On May 8, 2014, at 5:20 PM, Demis Bellot <demis....@gmail.com
> Do you have an opinion on whether Redis Clients should bake SSL support in the clients directly to handle these types of scenarios? Or do you think transparent approaches like stunnel are the way to go?
Sidetracking a bit, I’m a fan of spiped: http://www.tarsnap.com/spiped.html
The default Redis approach to security is a pre-shared secret key. sipped uses the same approach, plus your connection will be fully encrypted. Only remote spiped clients with your pre-shared secret key can connect, so your connection is authenticated as well (modulo the security of your pre-shared secret key).
Just run one spiped in front of your Redis process, then another spiped on your client machines. Each client machine would talk to the localhost spiped, which would encrypt and forward your connections to the remote spiped in front of Redis. No CA. No PKI. No cryptic openssl commands. You can get the same effect with SSH tunnels as well (and SSH allows compression as well).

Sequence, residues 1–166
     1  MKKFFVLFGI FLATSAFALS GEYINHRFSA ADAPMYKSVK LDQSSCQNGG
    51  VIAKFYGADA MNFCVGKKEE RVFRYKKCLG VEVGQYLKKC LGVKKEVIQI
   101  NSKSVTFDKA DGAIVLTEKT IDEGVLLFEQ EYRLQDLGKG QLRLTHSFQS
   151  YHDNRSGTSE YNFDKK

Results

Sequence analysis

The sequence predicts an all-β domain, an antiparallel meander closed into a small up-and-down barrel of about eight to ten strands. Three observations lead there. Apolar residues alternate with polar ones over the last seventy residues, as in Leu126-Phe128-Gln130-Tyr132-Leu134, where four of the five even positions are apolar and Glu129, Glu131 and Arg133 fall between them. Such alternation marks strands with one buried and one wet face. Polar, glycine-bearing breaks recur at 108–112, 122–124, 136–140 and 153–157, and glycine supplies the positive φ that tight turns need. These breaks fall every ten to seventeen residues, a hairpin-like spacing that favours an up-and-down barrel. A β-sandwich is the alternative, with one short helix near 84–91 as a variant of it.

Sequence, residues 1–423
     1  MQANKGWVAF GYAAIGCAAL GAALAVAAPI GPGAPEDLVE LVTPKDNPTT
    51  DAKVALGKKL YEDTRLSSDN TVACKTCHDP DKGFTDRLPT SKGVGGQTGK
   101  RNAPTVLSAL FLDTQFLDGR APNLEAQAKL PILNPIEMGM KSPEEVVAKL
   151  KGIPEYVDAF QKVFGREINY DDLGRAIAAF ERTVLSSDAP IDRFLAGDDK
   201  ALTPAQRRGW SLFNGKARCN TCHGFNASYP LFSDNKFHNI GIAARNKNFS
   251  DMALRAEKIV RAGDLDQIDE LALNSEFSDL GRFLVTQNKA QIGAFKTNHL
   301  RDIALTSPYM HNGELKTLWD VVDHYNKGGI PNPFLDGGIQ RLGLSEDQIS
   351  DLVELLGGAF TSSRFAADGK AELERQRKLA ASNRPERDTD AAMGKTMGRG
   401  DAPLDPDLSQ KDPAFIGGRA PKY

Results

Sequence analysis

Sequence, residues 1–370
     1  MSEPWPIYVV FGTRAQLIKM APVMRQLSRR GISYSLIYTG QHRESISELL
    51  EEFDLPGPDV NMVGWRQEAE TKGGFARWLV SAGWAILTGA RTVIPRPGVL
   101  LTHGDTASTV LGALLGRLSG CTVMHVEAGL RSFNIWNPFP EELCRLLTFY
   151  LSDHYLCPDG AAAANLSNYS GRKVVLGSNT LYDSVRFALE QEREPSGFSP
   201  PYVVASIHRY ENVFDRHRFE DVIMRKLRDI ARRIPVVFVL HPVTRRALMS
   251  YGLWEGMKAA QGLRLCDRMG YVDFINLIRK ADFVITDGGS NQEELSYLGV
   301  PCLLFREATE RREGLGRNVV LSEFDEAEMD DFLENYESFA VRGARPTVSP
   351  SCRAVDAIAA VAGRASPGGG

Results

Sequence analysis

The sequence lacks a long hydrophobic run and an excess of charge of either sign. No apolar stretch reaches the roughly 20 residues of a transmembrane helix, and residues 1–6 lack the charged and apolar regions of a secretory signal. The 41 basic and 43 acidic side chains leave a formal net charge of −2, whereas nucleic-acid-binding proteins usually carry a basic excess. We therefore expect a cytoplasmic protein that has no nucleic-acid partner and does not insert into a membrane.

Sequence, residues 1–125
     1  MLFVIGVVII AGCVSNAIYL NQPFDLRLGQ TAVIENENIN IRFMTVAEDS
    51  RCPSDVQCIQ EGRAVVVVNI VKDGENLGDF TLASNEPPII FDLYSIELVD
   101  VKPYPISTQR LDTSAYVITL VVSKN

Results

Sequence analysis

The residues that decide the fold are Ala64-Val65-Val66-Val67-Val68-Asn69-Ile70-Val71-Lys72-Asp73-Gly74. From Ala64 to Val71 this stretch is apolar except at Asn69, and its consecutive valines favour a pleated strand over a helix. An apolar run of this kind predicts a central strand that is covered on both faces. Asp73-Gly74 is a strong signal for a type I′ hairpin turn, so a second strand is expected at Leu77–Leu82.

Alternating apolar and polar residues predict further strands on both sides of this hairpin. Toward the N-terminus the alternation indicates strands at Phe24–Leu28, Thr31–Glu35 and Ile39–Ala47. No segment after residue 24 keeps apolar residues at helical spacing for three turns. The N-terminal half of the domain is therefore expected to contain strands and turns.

As for enabling SSL access directly in clients, it’s a bit of feature creep. SSL isn’t a feature of Redis, so SSL in the client is debatable.
As for stunnel, it has always been kinda equally bad at everything. A while ago, https://github.com/bumptech/stud
became a viable replacement, but it has been unmaintained since the parent company died. It’s possibly still very usable.
Another possibility is haproxy’s SSL mode. It’s good at sending data places.
But, I think the original question was from a windows user who wanted to access Redis without SSH. That could mean many different things. My first thought is: sounds like they are logging in to a Linux box to use redis-cli (or are required to use a Putty tunnel to connect their C# client), but they want to use Redis directly. Except, they don’t know the IP/Port of their Redis server. Potentially, they just need to ask for the local Redis IP/Port information. We’re just guessing at this point; not enough information to go on.